Princess's picture

I am also finding it hard to

I am also finding it hard to move on and Im sure u must feel reponsible seeing that you did the drug as well... But I learned people are responsible for their own behaviors and actions... Its all out of your control... and If he was seeing sumone behind your back I dont see what theyre is to move on from... that not true love.. you deserve way better

Anonymous's picture

Devasted from boyfriends addiction

I am in love with a man addicted to coke. I have never been around or done it before and soon after I met him and realized he did it he made it seem as a casual leisure acitivity. I was turned off by it but then thought he seems to have it together it must be just a weekend bar thing. Then I realized he sold it and all of his friends did it and when he would dissappear for days at a time he was having the downs or reactions to the aftermath of the usage. As many of you said I would be there for him during what i thought was his rock bottom and take care of him thinking no one ever wants this in their life or to feel like this he must be done. However it wasnt that he was done he just hid it from me and now I see stopping isnt so easy. Well his coke addiction has had such a pyhsical and emotional effect on me i do feel like "i'm dying so he can live". So they never quit?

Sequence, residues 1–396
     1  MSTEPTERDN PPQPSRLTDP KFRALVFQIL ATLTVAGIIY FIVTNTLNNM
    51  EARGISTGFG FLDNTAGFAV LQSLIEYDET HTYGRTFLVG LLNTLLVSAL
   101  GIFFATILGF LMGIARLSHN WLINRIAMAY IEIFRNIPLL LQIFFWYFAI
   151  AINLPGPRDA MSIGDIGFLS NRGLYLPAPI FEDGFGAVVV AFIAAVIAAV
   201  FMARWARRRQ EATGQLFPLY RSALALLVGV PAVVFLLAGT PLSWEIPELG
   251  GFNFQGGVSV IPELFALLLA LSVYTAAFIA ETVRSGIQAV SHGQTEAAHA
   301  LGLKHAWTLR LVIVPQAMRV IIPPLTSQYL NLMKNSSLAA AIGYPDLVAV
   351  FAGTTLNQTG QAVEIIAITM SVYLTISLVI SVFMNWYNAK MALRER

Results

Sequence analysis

Anonymous's picture

Broke up with my coke addicted fiance

I see my situation in a lot of these posts. I was engaged to my fiance for almost a year before I found out he was using - cocaine and a few other hard drugs. Best decision I could have made, to leave him. Of course when I did finally leave, he promised he was checking himself into rehab, he was going to get help, etc. Anything to make me stay. He has been calling me (I'm pretty sure it's while he's high) at least once a week, begging me to take him back. Telling me I made the worst mistake ever and how could I do this, it must mean that I don't (and never did) love him. That couldn't be further from the truth - but I did love myself enough to walk away from someone who was sucking the life out of me!

Anonymous's picture

Cocaine use and quitting

I am 23 years old and I started using powder cocaine when I was 17 years old. I have been clean for almost a year and a half and it has honestly been the best times of my life since i started cocaine. Going clean was the best choice I ever was one of the hardest choices I ever made as well. I had to quit associating myself with my friends that were cokeheads which was really hard. But before i finally quit cocaine I went through rehab twice and always went back to my coke dealer everytime i got out of rehab. I waited too long after that to get help and I ended up od'ing on cocaine after a long night binge with friends and woke up in the hospital...they gave me medication and kept me for one night for observation then released me(cheap hospitals...)...I knew that I wasn't going to quit unless I truly desired to go I quit cold-turkey which may sound impossible; reality is possible but it takes alot of mental strength and support from your true clean friends. I have been offered coke since i quit...and have turned it down everytime because at those times I always thought about how guilty i felt when i spent money on coke or used it and then had to hide my habit from others...its just not worth it...going clean is the best thing anyone can do...I hope all of the addicts out there get help and go talk to someone...people do care. I know I do having been through it all.

Anonymous's picture

Here I go again